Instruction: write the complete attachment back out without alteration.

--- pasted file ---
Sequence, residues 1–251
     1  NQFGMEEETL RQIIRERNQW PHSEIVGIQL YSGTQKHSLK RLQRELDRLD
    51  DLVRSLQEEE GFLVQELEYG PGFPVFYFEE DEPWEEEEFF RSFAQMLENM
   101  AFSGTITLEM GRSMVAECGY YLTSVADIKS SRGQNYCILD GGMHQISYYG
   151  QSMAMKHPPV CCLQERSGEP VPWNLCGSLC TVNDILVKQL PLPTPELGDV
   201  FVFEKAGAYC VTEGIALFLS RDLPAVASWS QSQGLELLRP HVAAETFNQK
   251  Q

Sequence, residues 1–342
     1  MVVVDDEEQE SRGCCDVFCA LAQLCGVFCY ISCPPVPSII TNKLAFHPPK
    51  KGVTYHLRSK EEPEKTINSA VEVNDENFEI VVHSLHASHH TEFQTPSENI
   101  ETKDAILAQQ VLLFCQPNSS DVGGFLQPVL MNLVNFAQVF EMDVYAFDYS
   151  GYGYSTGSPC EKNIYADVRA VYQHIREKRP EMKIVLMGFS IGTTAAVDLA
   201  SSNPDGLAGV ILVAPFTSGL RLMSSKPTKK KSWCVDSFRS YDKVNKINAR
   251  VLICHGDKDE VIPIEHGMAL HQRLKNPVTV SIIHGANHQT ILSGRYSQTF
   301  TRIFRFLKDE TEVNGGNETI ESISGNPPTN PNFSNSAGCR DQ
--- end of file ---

Sequence, residues 1–251
     1  NQFGMEEETL RQIIRERNQW PHSEIVGIQL YSGTQKHSLK RLQRELDRLD
    51  DLVRSLQEEE GFLVQELEYG PGFPVFYFEE DEPWEEEEFF RSFAQMLENM
   101  AFSGTITLEM GRSMVAECGY YLTSVADIKS SRGQNYCILD GGMHQISYYG
   151  QSMAMKHPPV CCLQERSGEP VPWNLCGSLC TVNDILVKQL PLPTPELGDV
   201  FVFEKAGAYC VTEGIALFLS RDLPAVASWS QSQGLELLRP HVAAETFNQK
   251  Q

Sequence, residues 1–342
     1  MVVVDDEEQE SRGCCDVFCA LAQLCGVFCY ISCPPVPSII TNKLAFHPPK
    51  KGVTYHLRSK EEPEKTINSA VEVNDENFEI VVHSLHASHH TEFQTPSENI
   101  ETKDAILAQQ VLLFCQPNSS DVGGFLQPVL MNLVNFAQVF EMDVYAFDYS
   151  GYGYSTGSPC EKNIYADVRA VYQHIREKRP EMKIVLMGFS IGTTAAVDLA
   201  SSNPDGLAGV ILVAPFTSGL RLMSSKPTKK KSWCVDSFRS YDKVNKINAR
   251  VLICHGDKDE VIPIEHGMAL HQRLKNPVTV SIIHGANHQT ILSGRYSQTF
   301  TRIFRFLKDE TEVNGGNETI ESISGNPPTN PNFSNSAGCR DQ